John Donne and the Conway Papers: Patronage and Manuscript Circulation in the Early Seventeenth…

Hardcover | November 7, 2014

byDaniel Starza Smith

not yet rated|write a review
How and why did men and women send handwritten poetry, drama, and literary prose to their friends and social superiors in the seventeenth century - and what were the consequences of these communications? Within this culture of manuscript publication, why did John Donne (1572-1631), an authorwho attempted to limit the circulation of his works, become the most transcribed writer of his age? John Donne and the Conway Papers examines these questions in great detail. Daniel Starza Smith investigates a seventeenth-century archive, the Conway Papers, in order to explain the relationshipbetween Donne and the archive's owners, the Conway family. Drawing on an enormous amount of primary material, he situates Donne's writings within the broader workings of manuscript circulation, from the moment a scribe identified a source text, through the process of transcription and onwards to thesocial ramifications of this literary circulation. John Donne and the Conway Papers offers the first full-length analysis of three generations of the Conway family between Elizabeth's succession and the end of the Civil War, explaining what the Conway Papers are and how they were amassed, how the archive came to contain a concentration of manuscriptpoetry by Donne, and what the significance of this fact is, in terms of seventeenth-century politics, patronage, and culture. Answers to these questions cast new light on the early transmission of Donne's verse and prose. Throughout, John Donne and the Conway Papers emphasizes the importance ofDonne's closest friends and earliest readers - such as George Garrard, Rowland Woodward, and Sir Henry Goodere - in the dissemination of his poetry. Goodere in particular emerges as a key agent in the early circulation of Donne's verse, and this book offers the first sustained account of hisliterary activities.

Pricing and Purchase Info

$63.00 online
$126.00 list price (save 50%)
Ships within 1-3 weeks
Ships free on orders over $25

From the Publisher

How and why did men and women send handwritten poetry, drama, and literary prose to their friends and social superiors in the seventeenth century - and what were the consequences of these communications? Within this culture of manuscript publication, why did John Donne (1572-1631), an authorwho attempted to limit the circulation of his...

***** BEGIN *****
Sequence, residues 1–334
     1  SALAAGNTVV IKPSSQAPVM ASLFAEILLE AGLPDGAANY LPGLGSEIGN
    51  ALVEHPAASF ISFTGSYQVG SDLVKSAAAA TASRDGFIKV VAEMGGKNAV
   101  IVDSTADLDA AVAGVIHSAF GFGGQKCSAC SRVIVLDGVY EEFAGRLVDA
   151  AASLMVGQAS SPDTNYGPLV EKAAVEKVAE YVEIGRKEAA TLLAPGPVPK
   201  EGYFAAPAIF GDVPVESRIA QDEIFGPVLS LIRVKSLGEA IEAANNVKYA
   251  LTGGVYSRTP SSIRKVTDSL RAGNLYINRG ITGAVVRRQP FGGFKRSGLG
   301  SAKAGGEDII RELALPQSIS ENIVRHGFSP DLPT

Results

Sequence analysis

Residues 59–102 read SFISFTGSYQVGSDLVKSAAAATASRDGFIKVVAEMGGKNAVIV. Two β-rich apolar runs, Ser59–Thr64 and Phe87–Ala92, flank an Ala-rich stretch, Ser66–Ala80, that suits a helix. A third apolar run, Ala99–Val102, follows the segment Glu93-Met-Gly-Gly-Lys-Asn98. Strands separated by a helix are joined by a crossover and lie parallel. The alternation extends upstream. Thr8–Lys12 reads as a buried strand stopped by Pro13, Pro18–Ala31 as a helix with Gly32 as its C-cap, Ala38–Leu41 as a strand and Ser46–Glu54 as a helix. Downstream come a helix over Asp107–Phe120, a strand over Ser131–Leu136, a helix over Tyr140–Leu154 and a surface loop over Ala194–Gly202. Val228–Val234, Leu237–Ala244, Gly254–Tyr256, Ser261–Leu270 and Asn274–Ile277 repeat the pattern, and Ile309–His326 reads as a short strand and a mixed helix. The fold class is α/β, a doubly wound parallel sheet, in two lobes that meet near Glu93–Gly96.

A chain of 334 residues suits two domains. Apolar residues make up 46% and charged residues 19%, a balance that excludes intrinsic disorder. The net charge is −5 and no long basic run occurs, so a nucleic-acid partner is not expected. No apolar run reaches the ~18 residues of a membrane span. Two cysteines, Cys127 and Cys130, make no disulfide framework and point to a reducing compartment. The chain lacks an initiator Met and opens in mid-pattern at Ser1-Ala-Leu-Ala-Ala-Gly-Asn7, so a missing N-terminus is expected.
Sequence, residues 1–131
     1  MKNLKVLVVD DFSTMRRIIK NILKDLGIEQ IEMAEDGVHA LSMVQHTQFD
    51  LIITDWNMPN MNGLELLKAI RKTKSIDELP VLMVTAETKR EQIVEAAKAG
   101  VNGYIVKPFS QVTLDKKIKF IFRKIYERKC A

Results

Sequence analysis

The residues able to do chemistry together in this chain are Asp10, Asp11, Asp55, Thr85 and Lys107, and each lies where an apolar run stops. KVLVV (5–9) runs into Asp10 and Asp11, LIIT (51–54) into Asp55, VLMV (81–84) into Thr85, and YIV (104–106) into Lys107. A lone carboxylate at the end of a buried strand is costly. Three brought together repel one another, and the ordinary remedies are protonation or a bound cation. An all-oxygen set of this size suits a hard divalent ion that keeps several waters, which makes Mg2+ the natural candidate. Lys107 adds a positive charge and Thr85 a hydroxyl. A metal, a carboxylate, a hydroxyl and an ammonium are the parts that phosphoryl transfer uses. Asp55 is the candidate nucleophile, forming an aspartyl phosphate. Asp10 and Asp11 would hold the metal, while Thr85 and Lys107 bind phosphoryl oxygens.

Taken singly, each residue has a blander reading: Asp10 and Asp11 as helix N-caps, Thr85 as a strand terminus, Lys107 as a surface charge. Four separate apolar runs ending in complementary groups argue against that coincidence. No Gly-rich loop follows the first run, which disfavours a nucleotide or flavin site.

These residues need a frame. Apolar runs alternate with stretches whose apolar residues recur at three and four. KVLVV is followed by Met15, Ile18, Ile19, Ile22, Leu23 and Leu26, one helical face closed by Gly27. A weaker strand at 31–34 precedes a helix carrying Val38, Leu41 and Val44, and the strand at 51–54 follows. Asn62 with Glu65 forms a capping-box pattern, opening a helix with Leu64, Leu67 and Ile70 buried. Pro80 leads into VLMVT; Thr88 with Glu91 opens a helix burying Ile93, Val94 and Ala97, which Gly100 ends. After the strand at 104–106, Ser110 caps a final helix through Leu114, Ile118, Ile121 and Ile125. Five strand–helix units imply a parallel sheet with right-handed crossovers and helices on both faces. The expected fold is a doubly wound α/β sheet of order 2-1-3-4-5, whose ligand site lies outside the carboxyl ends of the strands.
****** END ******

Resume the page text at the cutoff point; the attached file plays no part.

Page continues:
Daniel Starza Smith is British Academy Post-Doctoral Fellow at Lincoln College, Oxford. He works on sixteenth- and seventeenth-century literary history, with a particular focus on John Donne and Ben Jonson, the circulation of texts in manuscript, and the literary patronage of early modern women. He has published on John Donne Junior, t...

other books by Daniel Starza Smith

Format:HardcoverDimensions:416 pages, 9.21 × 6.14 × 0.01 inPublished:November 7, 2014Publisher:Oxford University PressLanguage:English

The following ISBNs are associated with this title:

ISBN - 10:0199679134

ISBN - 13:9780199679133

Look for similar items by category:

Customer Reviews of John Donne and the Conway Papers: Patronage and Manuscript Circulation in the Early Seventeenth Century

Reviews

Extra Content

Table of Contents

IntroductionPart I: The Conway Family and the Conway Papers1. 'At length I fell in to Imagination': Sir John Conway2. 'An honest man, who knows more about the sword than the pen': Edward, First Viscount Conway and Killultagh3. The Knight's Move: Conway and A Game at Chess4. Fide et Amore: the First Viscount Conway's Legacies5. 'What is a Gentleman but his pleasure?' Edward, Second Viscount Conway and Killultagh6. Booklets, Books, Ballads, and Birds: the Second Viscount Conway as Collector7. The Curious History of the Conway Papers8. Conceptualizing the Conway PapersPart II: John Donne, Sir Henry Goodere, and Manuscript Circulation9. Donne's Verse Letters10. Sir Henry Goodere, Poet and Scribe11. Problematum miscellaneorum: the Problems and Biathanatos, 1603-1012. The Intelligence that Moves: Donne, Goodere, and Conway, 1610-161513. Textual Transmission and Court Patronage in the 1620s14. Conflicts of Interest: Donne, Goodere, Conway, and Seventeenth-Century PatronageConclusion: Patronage and Manuscript CirculationAppendix 1: Conway and Goodere Family TreesAppendix 2: Literary Manuscripts in the Conway Papers